Origin of surfing
verb (used without object)
verb (used with object)
Origin of surf
Synonyms for surf
Examples from the Web for surfing
Contemporary Examples of surfing
The sport of surfing is a very sexy sport, beautiful people on beautiful beaches in minimal clothing.Anastasia Ashley, Surfer-Cum-Model, Rides The Viral Internet Wave
December 23, 2014
“It seems like volunteers for ISIS are surfing for the sublime,” Atran wrote to me on Sunday.ISIS, Hip-Hop Jihadists and the Man Who Killed James Foley
August 25, 2014
Later, he saved up and spent a few years in Latin America, surfing, camping and backpacking.Best Places to Party Around the World
January 18, 2014
Surfing on an ocean of media hagiography, Christie seemed unbeatable just when it was time for Democrats to declare themselves.The Wrong Election Takeaways From Christie’s Win, Virginia, and More
November 7, 2013
Eastwood talks to Anna Klassen about filming with Brad Pitt, surfing, and his famous dad.Scott Eastwood Is More Than Just Clint’s Smokin’ Hot Son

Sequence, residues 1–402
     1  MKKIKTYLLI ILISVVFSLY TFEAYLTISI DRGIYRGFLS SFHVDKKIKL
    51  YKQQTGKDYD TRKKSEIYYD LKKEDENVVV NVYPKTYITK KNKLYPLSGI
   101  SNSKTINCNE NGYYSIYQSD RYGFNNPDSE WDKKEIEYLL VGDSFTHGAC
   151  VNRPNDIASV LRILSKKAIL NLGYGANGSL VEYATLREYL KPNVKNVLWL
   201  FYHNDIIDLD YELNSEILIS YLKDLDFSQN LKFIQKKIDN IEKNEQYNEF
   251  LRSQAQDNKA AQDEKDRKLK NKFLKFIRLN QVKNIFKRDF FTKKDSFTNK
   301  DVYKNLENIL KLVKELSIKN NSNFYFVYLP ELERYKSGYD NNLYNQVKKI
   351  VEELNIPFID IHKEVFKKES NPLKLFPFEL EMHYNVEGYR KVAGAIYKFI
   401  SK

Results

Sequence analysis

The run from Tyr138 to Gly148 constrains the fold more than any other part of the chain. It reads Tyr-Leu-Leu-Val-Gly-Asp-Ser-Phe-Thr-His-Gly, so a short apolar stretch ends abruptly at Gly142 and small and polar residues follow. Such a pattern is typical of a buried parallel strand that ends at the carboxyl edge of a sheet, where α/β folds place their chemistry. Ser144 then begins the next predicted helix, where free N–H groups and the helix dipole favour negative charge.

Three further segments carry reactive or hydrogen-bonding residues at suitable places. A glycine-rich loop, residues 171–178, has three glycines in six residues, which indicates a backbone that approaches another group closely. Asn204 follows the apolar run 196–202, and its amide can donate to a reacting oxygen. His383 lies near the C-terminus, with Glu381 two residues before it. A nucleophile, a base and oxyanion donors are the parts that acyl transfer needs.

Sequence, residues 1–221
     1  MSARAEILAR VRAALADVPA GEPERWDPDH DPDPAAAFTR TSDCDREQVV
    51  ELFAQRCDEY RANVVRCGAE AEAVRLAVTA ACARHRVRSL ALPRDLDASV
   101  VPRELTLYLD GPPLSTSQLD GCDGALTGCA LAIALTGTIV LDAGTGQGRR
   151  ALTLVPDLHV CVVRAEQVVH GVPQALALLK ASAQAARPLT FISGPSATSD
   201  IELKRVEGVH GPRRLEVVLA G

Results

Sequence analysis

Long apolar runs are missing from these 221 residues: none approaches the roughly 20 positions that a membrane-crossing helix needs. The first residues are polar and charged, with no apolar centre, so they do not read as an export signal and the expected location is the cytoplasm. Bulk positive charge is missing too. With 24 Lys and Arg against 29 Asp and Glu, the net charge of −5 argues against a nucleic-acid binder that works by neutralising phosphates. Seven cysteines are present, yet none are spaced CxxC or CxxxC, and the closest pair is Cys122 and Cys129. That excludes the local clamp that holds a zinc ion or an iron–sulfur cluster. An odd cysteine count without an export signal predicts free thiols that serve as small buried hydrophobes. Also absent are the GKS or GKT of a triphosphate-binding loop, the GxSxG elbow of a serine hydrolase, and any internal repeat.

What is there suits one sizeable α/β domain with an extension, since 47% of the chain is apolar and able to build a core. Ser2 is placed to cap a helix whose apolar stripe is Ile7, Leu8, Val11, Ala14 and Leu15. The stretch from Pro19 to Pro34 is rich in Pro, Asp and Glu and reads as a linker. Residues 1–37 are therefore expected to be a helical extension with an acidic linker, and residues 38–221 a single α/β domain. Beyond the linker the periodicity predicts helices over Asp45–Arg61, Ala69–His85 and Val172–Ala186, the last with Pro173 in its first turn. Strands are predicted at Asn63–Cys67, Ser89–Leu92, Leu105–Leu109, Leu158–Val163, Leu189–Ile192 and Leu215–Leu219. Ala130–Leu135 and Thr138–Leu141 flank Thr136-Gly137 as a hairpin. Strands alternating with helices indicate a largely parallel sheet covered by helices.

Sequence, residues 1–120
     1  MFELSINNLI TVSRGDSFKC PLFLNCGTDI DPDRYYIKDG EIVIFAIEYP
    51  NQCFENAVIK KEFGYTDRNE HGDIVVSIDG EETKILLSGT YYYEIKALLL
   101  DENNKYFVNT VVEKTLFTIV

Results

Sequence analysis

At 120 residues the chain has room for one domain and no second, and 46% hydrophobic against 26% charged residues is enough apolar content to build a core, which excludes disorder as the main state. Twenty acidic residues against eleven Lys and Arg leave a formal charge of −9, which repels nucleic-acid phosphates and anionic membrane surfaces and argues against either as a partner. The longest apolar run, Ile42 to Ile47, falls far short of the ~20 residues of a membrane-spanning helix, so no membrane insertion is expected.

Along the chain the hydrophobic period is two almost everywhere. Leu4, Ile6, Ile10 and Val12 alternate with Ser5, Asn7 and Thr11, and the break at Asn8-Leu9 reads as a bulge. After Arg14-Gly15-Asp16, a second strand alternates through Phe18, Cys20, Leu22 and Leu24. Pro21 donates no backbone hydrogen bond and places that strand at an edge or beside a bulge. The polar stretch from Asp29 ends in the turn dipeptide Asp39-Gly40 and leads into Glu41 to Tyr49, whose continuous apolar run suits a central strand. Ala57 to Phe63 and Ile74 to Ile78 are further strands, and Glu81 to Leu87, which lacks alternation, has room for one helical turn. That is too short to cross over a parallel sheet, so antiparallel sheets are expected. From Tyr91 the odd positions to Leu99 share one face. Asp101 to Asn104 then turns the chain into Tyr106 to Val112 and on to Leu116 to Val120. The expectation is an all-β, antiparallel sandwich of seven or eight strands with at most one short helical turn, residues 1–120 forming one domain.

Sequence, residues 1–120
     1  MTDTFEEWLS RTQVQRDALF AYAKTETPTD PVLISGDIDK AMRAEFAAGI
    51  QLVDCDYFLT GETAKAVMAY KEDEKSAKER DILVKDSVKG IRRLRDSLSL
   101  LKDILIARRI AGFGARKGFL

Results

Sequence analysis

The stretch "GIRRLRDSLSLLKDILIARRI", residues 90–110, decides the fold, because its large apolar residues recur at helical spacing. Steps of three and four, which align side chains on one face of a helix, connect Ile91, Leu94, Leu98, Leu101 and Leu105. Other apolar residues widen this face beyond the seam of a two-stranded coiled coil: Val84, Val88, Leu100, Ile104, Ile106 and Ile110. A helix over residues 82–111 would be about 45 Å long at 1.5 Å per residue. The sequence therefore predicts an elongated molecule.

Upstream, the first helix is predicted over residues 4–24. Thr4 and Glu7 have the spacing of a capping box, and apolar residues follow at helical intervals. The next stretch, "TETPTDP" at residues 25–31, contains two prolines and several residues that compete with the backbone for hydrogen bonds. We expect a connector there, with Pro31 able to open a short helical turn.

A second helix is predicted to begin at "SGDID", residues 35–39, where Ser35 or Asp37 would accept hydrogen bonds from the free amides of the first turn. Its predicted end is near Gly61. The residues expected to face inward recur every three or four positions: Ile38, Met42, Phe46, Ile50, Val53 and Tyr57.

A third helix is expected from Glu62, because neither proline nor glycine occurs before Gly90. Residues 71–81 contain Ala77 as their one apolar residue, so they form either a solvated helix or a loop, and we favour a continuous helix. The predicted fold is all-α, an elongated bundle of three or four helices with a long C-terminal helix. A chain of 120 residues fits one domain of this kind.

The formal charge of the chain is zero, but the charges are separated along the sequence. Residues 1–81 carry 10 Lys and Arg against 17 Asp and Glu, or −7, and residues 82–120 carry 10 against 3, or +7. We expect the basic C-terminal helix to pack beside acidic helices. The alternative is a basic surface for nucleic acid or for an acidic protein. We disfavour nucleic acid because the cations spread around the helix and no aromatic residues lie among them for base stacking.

September 25, 2013
Historical Examples of surfing
He taught me diving and surfing until I was nearly as clever as he, and he was cleverer than the average Kanaka.The House of Pride
I worked on my Beat paper all the next day at home, reading the Kerouac and surfing the Xnet.Little Brother
Conditions are ideal for surfing, outrigger canoe paddling and catamaran sailing.
Help paddle an outrigger canoe in through the surf, take a surfing lesson, snorkel, swim or sun.
If surfing the Net is part of the newlyweds' life, there is even less dialogue.The Civilization of Illiteracy
- computing(on the internet) to move freely from website to website (esp in the phrase surf the net)
- to move freely between (TV channels or radio stations)
- informalto be carried on top of somethingthat guy's surfing the audience
- (in combination)trainsurfing
Word Origin for surf
1955, verbal noun from surf (v.).
1680s, probably from earlier suffe (1590s), of uncertain origin. Originally used in reference to the coast of India, hence perhaps of Indic origin. Or perhaps a phonetic respelling of sough, which meant "a rushing sound."